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Uncover some of NYC’s secrets on these unique tours

By
Annalise Mantz
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This city is absolutely crawling with tourists—60 million of them in 2016, to be exact. Add that to the 8.5 million permanent residents, and you’ve got a hell of a lot of foot traffic.

And yet, even at its most crowded, New York City still harbors a few secrets. Most locals probably don’t know about the Revolutionary War history of Washington Square Park, the former saloon still standing in Midtown East or Little Italy restaurant where mob killings once took place. Peel back the veil of mystery on one of these nine tours. Once you know the city’s hidden side, you’ll think of New York in a totally new way.

Gramercy Gilded Age Tour
New Yorkers have gotten used to having the run of the city’s 1,700-plus public parks, so it’s no wonder that private Gramercy Park takes so much flak. The only people allowed to hold keys to this uber-exclusive oasis are the residents of the 39 homes bordering the park—and only if they pay $7,500 per year. Nothing—not even this tour—can get you inside the park. It can open the doors to the equally exclusive Player’s Club, a society of actors and artists, and give you a peek into what living in this historic neighborhood might be like.  

Alternative New York Street Art Tour
The Met, MoMa and Whitney aren’t the only places you can find incredible works of art in NYC. In fact, some of the most avant garde pieces are hidden in plain sight on the city’s street corners and back alleys. Choose whether you want to explore the street art of Brooklyn or the Lower East Side on this tour. You’re sure to leave with a new appreciation for the city’s graffiti artists and muralists.   

Prohibition Speakeasy Tour of Midtown
When all you have to do to find a modern day speakeasy is Google it, it doesn’t seem very secret. During Prohibition, though, these underground bars really were much harder to find, and in some cases, you actually did have to go underground to get the booze. Step back in time on this tour of the city’s best hidden watering holes. Thankfully, you’ll be sipping craft cocktails instead of the historically appropriate bathtub gin.

Holdouts: a NYC Architecture Walking Tour
At first glance, Midtown East looks like a never-ending sea of skyscrapers. Look closer, though, and you’ll find a few notable “holdouts,” or buildings that bucked the trend when their owners were unwilling to sell. Once you know about the old saloons, former tenements and weirdly shaped office buildings tucked between the seemingly identical high-rises, you’ll never see this business district in quite the same way.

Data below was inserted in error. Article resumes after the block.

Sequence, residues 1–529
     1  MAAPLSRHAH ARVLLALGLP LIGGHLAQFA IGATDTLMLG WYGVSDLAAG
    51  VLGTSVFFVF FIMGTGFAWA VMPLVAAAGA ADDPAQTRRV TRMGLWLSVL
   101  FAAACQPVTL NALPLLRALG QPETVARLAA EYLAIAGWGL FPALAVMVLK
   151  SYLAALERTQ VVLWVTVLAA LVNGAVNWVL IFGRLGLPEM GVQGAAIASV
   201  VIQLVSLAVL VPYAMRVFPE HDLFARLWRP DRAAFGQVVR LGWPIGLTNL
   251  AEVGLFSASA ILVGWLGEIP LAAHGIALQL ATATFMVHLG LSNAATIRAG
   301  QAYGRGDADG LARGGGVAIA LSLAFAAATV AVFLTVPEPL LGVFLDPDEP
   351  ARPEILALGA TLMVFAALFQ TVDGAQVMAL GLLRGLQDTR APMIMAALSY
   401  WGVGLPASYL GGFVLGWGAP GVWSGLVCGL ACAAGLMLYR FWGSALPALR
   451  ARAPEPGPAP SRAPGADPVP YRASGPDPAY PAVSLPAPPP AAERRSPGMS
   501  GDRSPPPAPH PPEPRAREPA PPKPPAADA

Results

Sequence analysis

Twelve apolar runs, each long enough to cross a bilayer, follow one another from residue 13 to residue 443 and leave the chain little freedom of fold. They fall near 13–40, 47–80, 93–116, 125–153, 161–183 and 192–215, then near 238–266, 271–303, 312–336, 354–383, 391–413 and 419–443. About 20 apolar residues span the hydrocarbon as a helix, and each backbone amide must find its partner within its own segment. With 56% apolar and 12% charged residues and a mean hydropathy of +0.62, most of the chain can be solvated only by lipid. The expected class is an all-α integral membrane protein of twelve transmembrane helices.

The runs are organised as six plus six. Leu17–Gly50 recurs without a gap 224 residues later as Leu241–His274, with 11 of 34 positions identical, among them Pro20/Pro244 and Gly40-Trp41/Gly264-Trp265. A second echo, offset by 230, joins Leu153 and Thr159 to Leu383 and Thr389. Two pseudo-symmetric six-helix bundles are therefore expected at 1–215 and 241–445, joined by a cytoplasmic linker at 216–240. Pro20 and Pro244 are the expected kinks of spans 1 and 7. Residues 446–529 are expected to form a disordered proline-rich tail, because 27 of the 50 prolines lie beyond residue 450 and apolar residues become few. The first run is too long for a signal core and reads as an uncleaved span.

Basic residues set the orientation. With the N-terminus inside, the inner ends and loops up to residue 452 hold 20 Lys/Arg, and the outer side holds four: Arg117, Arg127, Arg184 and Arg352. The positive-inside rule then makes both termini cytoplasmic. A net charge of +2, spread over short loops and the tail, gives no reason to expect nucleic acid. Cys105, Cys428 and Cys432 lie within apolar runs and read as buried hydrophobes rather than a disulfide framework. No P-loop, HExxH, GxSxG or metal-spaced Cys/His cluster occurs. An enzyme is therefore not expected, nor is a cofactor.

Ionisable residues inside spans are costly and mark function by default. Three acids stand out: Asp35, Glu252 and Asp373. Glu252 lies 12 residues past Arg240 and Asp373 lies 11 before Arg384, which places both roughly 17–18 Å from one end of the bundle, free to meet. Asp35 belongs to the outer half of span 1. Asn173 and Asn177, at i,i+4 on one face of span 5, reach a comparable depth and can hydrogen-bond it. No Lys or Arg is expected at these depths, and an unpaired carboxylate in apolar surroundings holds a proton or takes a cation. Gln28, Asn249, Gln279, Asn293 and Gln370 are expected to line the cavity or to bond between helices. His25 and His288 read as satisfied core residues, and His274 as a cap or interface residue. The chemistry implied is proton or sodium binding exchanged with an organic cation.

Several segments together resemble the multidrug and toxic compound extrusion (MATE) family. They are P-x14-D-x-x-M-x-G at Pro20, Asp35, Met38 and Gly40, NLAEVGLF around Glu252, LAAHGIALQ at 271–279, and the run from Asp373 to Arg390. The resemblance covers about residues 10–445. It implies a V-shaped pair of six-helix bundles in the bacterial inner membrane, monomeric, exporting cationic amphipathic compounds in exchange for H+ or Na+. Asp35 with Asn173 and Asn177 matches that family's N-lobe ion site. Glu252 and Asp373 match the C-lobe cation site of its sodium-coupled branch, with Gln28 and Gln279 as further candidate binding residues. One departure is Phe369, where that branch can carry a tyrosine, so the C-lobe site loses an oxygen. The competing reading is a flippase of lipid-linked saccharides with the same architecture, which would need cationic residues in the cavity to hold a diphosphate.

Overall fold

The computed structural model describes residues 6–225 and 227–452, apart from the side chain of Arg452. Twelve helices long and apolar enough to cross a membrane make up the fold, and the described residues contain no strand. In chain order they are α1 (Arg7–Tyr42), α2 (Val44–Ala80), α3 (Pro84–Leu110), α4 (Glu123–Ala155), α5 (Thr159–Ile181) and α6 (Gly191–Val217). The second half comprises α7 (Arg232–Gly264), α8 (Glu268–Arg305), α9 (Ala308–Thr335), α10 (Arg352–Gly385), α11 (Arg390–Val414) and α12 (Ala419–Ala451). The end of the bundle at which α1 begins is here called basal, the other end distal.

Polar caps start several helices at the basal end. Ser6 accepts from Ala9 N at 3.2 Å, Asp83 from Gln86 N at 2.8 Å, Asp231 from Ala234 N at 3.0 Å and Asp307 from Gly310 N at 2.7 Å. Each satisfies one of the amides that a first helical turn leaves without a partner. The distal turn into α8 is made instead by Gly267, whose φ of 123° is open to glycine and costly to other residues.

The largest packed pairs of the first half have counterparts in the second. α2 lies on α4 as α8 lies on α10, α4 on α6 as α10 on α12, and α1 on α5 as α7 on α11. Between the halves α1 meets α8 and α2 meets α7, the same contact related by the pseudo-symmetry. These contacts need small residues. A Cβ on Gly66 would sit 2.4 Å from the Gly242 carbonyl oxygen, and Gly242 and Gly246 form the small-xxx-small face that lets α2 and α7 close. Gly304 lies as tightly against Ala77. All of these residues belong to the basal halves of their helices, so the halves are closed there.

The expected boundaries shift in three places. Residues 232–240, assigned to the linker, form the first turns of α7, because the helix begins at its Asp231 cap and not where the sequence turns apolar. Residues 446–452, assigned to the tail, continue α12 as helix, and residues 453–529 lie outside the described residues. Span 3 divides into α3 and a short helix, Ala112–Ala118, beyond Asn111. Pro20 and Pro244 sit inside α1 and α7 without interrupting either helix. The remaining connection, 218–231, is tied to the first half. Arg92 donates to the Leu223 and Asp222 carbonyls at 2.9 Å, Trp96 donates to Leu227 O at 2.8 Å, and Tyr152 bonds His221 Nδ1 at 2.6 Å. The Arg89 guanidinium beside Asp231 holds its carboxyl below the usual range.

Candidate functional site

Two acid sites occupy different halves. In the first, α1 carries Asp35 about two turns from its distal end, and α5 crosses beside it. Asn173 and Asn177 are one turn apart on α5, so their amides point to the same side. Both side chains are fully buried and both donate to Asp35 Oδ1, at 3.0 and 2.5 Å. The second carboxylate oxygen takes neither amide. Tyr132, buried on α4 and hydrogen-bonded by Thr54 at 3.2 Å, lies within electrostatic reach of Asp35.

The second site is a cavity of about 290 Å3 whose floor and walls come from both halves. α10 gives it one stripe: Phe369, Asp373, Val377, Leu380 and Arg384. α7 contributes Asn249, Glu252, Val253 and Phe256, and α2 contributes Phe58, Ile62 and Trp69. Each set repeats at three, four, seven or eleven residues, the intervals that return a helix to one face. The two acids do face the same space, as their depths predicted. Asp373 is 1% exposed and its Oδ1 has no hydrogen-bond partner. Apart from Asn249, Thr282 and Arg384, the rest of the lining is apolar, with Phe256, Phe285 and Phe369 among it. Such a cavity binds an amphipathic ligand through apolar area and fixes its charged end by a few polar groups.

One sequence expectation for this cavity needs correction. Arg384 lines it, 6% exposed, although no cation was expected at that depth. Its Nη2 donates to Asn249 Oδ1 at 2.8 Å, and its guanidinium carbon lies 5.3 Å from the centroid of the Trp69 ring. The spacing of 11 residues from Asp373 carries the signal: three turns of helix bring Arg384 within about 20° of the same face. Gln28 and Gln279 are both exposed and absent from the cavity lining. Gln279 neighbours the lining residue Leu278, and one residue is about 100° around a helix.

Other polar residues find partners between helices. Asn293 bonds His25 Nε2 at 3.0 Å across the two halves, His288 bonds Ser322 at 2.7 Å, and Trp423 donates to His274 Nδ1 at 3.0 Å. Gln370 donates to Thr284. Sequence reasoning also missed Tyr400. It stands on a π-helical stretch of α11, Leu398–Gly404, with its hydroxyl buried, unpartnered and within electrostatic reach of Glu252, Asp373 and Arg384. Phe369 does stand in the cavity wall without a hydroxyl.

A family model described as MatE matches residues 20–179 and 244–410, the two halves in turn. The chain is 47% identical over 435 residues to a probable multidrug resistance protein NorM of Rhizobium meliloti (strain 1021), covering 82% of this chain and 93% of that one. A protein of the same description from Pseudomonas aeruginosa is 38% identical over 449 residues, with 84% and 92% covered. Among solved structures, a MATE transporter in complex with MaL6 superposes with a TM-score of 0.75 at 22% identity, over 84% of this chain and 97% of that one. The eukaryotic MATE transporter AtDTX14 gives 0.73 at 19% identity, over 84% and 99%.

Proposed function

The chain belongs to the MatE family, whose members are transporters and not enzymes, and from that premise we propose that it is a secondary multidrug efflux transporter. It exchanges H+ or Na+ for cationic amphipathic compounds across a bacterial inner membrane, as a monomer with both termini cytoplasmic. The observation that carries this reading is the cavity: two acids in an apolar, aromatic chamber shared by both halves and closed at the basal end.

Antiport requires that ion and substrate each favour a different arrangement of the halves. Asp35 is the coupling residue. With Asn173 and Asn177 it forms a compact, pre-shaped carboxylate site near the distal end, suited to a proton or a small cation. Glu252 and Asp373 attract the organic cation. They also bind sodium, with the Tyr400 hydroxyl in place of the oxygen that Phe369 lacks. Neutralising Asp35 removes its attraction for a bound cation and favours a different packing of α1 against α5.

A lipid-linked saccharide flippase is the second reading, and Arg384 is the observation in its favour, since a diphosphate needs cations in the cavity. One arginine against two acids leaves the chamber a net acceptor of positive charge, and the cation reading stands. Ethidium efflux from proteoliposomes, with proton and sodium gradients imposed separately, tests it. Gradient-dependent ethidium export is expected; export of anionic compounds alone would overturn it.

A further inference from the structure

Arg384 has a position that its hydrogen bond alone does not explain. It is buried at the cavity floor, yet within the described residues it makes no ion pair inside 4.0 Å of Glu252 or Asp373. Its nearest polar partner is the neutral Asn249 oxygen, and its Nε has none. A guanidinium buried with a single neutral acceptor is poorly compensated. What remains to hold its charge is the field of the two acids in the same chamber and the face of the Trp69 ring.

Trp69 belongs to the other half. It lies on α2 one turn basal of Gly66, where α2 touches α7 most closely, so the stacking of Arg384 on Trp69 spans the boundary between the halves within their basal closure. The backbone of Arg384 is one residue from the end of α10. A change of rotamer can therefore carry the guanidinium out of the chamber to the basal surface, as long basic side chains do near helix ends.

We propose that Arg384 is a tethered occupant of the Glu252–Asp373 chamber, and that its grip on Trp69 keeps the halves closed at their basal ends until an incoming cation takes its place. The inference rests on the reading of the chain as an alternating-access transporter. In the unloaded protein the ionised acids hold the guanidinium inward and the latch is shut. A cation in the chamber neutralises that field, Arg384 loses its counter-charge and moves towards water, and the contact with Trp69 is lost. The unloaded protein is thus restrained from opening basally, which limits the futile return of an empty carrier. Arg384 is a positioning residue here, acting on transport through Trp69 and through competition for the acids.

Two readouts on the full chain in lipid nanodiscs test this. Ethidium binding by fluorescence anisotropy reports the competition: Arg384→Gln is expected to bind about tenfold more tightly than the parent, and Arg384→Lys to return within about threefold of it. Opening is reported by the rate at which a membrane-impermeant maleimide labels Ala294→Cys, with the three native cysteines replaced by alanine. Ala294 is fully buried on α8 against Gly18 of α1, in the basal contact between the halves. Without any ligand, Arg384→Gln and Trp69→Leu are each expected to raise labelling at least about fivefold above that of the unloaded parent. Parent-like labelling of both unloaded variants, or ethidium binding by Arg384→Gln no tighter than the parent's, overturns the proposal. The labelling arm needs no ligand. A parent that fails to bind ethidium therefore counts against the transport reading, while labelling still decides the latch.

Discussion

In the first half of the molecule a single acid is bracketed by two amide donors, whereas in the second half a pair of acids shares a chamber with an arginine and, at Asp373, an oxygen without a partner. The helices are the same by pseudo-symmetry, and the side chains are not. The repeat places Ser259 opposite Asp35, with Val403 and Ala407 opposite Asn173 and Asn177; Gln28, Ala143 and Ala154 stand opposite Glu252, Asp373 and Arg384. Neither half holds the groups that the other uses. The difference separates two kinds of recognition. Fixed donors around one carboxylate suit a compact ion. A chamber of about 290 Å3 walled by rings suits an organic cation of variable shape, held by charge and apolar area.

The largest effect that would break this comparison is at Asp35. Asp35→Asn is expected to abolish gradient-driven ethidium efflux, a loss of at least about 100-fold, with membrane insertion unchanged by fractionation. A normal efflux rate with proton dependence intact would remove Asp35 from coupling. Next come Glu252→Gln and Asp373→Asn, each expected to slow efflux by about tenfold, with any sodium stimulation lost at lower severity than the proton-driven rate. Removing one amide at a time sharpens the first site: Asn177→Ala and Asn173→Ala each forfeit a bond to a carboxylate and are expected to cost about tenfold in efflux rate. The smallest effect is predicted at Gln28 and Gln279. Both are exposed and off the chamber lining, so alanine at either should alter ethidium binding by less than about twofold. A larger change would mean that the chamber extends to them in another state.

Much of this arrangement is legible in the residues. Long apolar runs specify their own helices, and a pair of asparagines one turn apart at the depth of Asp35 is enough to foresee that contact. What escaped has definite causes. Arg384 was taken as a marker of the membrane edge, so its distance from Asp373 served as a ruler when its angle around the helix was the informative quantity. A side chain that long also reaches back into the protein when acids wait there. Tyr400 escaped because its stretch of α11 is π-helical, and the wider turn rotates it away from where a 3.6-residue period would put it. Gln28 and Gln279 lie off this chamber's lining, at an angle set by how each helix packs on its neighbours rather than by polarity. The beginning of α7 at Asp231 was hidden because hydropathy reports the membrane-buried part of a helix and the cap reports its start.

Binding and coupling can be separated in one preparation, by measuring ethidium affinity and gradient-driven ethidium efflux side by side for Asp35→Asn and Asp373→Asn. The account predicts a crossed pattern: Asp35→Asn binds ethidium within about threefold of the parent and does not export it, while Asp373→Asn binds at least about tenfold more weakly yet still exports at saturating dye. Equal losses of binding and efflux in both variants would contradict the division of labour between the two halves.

New York Mafia Tour: Little Italy’s Mobsters, Gangsters and Tough Guys
Anyone who’s ever caught an episode of The Sopranos knows New York’s mob ties are no secret. What you probably don’t realize, though, is that the quaint storefronts and parks of Little Italy once played host to shootings, backroom deals and the arrests of many mafia bosses. Get the full scoop from your tour guide. You might even spot a few filming locations from The Godfather and Goodfellas along the way.

NYC Downtown Subway Art
When you’re running to catch the L train or trying not to notice the rats scurrying along the tracks, it’s easy to overlook the mosaics, murals and sculptures decorating New York’s subway system. Take in works from the early 1900s to the modern era on this tour of the city’s largest and most underappreciated art gallery.

Stories From the Dark Side of New York City
Fans of Law and Order: SVU will be fascinated by this true crime tour of Manhattan’s most notorious neighborhoods. Take to the streets with a retired NYPD officer to discover the truth about Manhattan’s most infamous criminals, the city’s dirty history of gang wars and the one neighborhood that still experiences the most white collar crime.  

Ghosts of New York Walking Tour
Are you sure you don’t believe in ghosts? After exploring some of the city’s spookiest spots and darkest moments in history on this tour, you might just change your mind. Walk underneath the Hangman’s Elm, a 330-year-old tree in Washington Square Park that may have been used for executions during the Revolutionary War, and pass the residence where Edgar Allen Poe finished “The Raven”. Is that a chill in the night air or something more sinister?

Twisted Statue Tour: Under the Skirt of Lady Liberty
She may be revered as New York’s most iconic landmark, but the Statue of Liberty has a few dark secrets of her own. Step up on the pedestal to view Lady Liberty’s cavernous interior and learn the facts that often get omitted from history books—like her creator’s less-than-friendly attitude toward America and the grisly number of birds that lost their lives due to the statue.

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